This vision of the pilgrim recalls a mythical river Styx where souls are ferried. The resemblance to Styx begins to make sense when we learn of a death in "Dormant." The news arrives in the same images found throughout Dirge:

                                                                             ...the moon
sort of sails over branches

more elegantly, the silence of domestic lawns
is nothing like the silence of death after
not being close enough

To anyone who has read Dirge first, it is immediately apparent that this death is not the suicide from the other chapbook. Moritz's line about "not being close enough" does not resonate with the tight empathy in Patterson's work. While Dirge draws the world inward toward a sense of ensnaring danger, Elementary Rituals moves from an expression of life into an expression of life and death and dispersal. The final poems in the chapbook show a furious "emanation" not only words but of silence and distance. The last poem, "Before," begins:

This fading

Subsequent lines are few and far between. This poem has only twelve words on its first page. The last five of those words speak of what is gone: "from thy grave / of memory."
    This chapbook—this bridge—marks a clear departure in style and content for Moritz and also for Patterson in terms of her poetry. While Patterson has addressed the subject of her father's death in nonfiction, her poems generally have not offered narratives or characters other than an observant speaker. Her poetic realm has been that of the precise image usually placed in short and striking lines. Through these images, she has revealed the path of the mind, often playfully. In "Balcony with Fish" from her thrilling debut collection, The Truant Lover, clear images show the path of the speaker's eye:

Three fish lie on a plate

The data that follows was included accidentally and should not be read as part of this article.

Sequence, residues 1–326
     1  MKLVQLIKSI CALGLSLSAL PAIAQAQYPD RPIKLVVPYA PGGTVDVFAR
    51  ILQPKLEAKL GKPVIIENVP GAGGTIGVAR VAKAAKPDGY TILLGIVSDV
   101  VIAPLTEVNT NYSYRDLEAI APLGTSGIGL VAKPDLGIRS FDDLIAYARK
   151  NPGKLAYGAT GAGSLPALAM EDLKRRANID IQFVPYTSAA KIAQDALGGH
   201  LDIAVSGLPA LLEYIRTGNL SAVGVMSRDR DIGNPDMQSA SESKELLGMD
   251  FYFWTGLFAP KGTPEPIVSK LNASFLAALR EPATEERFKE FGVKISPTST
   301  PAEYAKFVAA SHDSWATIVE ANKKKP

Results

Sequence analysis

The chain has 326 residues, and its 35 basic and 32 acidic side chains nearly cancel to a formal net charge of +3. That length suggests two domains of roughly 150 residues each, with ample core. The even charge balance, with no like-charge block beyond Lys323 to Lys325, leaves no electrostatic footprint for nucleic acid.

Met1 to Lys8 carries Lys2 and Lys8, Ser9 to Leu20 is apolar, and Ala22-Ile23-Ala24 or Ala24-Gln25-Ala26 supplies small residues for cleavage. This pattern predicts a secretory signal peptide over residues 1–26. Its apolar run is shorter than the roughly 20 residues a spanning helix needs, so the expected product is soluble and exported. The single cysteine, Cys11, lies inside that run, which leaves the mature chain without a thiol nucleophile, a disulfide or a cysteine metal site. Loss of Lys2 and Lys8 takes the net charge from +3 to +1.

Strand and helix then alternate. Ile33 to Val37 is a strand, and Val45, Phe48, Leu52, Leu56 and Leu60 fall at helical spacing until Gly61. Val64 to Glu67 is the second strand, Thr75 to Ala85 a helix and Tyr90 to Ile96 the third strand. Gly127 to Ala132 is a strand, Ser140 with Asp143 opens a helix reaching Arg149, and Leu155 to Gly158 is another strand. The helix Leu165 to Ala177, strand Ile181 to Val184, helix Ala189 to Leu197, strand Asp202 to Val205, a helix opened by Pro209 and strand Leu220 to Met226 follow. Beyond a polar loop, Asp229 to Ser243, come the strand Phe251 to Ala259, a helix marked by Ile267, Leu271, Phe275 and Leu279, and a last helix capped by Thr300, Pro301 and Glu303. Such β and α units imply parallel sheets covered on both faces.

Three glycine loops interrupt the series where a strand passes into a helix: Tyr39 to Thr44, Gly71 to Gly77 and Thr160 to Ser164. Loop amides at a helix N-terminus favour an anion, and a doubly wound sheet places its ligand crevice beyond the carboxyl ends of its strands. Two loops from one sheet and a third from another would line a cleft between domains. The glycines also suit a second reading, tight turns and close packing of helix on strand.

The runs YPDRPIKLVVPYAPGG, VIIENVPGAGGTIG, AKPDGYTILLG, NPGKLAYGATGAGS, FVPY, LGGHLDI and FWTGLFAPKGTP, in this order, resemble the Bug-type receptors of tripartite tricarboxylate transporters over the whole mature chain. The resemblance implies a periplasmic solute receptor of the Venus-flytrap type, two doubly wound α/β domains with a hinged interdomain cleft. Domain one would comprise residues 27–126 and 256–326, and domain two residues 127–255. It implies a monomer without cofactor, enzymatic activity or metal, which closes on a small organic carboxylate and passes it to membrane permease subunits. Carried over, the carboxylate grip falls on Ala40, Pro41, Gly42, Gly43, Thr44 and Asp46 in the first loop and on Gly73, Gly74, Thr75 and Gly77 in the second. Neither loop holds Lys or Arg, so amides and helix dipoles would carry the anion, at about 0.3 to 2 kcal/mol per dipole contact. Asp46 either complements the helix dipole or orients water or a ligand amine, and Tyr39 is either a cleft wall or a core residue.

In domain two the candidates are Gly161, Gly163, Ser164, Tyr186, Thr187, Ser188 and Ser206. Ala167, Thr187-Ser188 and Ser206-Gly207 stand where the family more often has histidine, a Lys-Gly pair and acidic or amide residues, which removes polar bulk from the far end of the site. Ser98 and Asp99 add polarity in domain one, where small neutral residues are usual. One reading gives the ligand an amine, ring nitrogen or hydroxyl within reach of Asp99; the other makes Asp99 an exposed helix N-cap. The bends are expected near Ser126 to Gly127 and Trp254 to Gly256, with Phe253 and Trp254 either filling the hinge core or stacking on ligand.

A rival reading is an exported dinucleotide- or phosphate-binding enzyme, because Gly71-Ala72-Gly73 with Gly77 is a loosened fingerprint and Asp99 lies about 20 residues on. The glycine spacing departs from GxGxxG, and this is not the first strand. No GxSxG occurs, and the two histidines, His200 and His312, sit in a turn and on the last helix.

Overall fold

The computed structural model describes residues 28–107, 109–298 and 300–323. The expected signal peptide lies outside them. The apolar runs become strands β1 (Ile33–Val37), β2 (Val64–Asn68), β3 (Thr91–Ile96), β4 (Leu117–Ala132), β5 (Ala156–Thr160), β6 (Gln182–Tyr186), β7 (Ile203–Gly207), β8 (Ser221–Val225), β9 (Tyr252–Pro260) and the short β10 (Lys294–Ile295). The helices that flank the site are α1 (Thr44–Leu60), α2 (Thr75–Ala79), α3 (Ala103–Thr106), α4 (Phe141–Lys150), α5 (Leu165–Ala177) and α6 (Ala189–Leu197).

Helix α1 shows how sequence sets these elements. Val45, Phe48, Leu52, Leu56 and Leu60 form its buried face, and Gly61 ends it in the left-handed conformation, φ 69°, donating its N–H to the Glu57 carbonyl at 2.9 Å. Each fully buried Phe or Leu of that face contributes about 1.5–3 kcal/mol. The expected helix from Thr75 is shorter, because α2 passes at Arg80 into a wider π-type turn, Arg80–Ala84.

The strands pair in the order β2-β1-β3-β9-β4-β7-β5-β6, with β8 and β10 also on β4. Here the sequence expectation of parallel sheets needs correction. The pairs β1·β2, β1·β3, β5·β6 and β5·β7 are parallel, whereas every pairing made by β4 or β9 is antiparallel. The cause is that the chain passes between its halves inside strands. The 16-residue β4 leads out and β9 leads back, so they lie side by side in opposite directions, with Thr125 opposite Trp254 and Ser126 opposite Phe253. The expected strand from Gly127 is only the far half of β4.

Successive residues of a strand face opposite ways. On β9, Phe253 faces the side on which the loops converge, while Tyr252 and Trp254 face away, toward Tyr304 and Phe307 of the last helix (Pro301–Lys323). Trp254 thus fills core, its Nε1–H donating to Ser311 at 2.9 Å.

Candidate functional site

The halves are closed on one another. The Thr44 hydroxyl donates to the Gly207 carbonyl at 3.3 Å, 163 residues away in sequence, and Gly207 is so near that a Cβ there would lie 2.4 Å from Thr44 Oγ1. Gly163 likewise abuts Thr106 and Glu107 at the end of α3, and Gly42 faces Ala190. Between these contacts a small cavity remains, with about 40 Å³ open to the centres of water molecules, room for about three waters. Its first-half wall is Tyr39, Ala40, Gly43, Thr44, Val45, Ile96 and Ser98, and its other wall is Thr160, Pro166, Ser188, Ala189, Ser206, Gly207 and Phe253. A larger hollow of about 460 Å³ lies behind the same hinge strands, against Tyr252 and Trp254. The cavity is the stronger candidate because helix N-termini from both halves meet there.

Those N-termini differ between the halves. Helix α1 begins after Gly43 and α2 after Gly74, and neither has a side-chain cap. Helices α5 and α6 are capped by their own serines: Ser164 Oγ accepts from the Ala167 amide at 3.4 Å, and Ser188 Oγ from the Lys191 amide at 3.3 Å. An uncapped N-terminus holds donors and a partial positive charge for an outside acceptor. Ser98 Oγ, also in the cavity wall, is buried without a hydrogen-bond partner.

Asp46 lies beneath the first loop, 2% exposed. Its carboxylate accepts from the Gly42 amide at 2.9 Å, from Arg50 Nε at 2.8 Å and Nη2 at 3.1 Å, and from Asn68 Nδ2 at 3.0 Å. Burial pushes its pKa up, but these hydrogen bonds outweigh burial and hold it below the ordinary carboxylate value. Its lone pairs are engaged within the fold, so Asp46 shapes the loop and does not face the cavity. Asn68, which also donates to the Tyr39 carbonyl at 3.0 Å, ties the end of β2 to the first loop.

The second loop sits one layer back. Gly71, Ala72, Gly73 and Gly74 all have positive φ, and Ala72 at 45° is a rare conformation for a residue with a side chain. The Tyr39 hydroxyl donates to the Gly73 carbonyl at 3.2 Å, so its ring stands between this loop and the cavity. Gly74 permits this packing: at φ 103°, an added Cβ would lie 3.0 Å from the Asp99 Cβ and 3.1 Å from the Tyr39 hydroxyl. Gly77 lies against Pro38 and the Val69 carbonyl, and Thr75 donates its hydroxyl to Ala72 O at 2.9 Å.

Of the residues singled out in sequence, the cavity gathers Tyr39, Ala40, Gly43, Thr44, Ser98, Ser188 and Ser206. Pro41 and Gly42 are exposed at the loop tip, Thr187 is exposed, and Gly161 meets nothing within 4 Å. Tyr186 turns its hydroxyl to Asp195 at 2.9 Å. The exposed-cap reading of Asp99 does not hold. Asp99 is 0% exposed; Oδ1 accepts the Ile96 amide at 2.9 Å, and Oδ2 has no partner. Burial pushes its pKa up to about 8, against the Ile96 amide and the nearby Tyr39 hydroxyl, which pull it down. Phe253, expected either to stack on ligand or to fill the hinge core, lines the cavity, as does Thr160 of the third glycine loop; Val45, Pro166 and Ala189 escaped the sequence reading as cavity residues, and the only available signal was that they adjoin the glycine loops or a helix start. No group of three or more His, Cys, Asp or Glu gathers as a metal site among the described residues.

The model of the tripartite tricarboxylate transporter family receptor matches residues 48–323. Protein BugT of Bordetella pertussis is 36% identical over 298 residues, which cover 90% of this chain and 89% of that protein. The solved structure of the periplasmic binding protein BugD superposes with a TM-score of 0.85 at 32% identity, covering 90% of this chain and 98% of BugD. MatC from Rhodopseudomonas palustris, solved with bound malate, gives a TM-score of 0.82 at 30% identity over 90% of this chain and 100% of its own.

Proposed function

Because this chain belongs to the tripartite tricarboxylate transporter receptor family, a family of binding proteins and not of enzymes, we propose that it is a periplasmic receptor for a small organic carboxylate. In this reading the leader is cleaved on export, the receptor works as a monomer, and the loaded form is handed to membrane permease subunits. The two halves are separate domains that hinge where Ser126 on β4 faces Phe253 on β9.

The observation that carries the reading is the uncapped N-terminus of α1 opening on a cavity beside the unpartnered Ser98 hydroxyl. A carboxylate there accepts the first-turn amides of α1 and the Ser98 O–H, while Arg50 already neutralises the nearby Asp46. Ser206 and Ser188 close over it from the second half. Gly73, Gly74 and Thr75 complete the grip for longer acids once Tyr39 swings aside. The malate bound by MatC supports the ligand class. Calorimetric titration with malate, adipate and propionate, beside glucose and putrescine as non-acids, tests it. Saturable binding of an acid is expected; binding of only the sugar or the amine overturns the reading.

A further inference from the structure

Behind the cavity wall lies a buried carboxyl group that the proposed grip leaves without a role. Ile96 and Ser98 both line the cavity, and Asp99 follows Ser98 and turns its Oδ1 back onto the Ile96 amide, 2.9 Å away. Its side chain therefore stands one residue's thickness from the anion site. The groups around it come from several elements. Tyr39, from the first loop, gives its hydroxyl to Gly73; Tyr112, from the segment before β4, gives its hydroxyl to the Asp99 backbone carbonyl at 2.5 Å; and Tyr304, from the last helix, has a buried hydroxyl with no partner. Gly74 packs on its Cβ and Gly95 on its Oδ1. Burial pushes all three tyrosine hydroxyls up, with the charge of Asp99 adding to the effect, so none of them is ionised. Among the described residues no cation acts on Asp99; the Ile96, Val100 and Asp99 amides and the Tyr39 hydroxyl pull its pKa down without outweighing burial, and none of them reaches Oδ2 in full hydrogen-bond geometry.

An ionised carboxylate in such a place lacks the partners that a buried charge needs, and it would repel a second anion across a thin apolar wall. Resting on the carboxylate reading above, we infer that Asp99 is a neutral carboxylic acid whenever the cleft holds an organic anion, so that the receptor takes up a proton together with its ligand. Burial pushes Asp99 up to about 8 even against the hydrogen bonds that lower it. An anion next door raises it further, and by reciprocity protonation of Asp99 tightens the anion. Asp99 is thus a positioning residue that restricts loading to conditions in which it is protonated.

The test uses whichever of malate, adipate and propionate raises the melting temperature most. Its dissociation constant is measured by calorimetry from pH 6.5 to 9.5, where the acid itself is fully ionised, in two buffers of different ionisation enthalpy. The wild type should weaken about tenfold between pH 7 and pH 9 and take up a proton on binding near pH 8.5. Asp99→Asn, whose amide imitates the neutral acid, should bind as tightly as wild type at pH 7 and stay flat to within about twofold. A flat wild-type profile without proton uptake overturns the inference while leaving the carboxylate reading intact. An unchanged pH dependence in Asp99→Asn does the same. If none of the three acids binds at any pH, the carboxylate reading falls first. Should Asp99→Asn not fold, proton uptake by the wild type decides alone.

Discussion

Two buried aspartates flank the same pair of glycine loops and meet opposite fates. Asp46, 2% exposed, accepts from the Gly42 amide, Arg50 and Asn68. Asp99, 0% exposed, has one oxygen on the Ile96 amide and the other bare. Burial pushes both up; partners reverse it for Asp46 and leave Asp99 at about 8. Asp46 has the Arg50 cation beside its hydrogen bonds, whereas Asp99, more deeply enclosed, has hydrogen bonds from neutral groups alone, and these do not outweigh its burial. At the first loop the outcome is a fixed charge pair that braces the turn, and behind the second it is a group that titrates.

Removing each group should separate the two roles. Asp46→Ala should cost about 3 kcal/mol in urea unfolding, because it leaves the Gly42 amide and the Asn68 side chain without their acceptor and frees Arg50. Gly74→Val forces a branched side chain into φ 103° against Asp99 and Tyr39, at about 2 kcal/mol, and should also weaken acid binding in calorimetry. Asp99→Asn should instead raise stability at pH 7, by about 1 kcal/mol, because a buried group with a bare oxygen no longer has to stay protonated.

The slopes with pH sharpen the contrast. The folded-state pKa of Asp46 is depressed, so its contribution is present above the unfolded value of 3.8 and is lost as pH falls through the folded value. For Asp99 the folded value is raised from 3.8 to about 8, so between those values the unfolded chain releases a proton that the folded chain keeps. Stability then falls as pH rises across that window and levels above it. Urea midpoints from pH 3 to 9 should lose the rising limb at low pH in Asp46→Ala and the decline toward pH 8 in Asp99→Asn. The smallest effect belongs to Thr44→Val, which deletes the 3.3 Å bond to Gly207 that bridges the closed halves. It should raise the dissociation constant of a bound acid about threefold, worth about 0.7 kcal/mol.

in front of an open window
on the balcony
through which we can see

a path leading to a gate
surrounded by trees.

While Patterson has played and awakened with her poetry, Moritz has focused the gaze and grounded it in moments that often possess a great deal of emotional weight. She has shown an incredible ability to represent pain as both acute and constant in lines that magically contain such material. The poem, "Abduction," from her emotionally powerful chapbook, Night-Sea,begins:

Wolves howled at night.
How people's faces change.
One room, one window and one door.
The short and simple annals of the poor.

For a poet with such reserve to create a diffuse expression of grief is a remarkable turn. The result is as exquisite as "the flower's consuming," as violent as a "rare bleed."
    The dos-à-dos bindings has its origins in the prayer book, and Elementary Rituals/Dirge has the reverent quiet and scope of a devotional. Here is a prayer book for despair in which one death speaks to another over a natural bridge: a moment in which two deaths occur, a connection of chance and mortality. The result is a brutal meditation on death. Its brutality cannot be separated from the physical book, which is as roughly elegant as a natural and necessary bridge. The volume's recycled paper is too thick to let the reader forget the tree. Taken as a whole, Elementary Rituals/Dirge works like a sonnet that pursues the subject of death on the harshest level. A body is left behind on a bridge. A father who was not known well is dead. Like a sonnet, the book offers a turn between its two parts, a turn as material and as strange as the body: the reader continues from one work to the next by moving the book, that body of the word.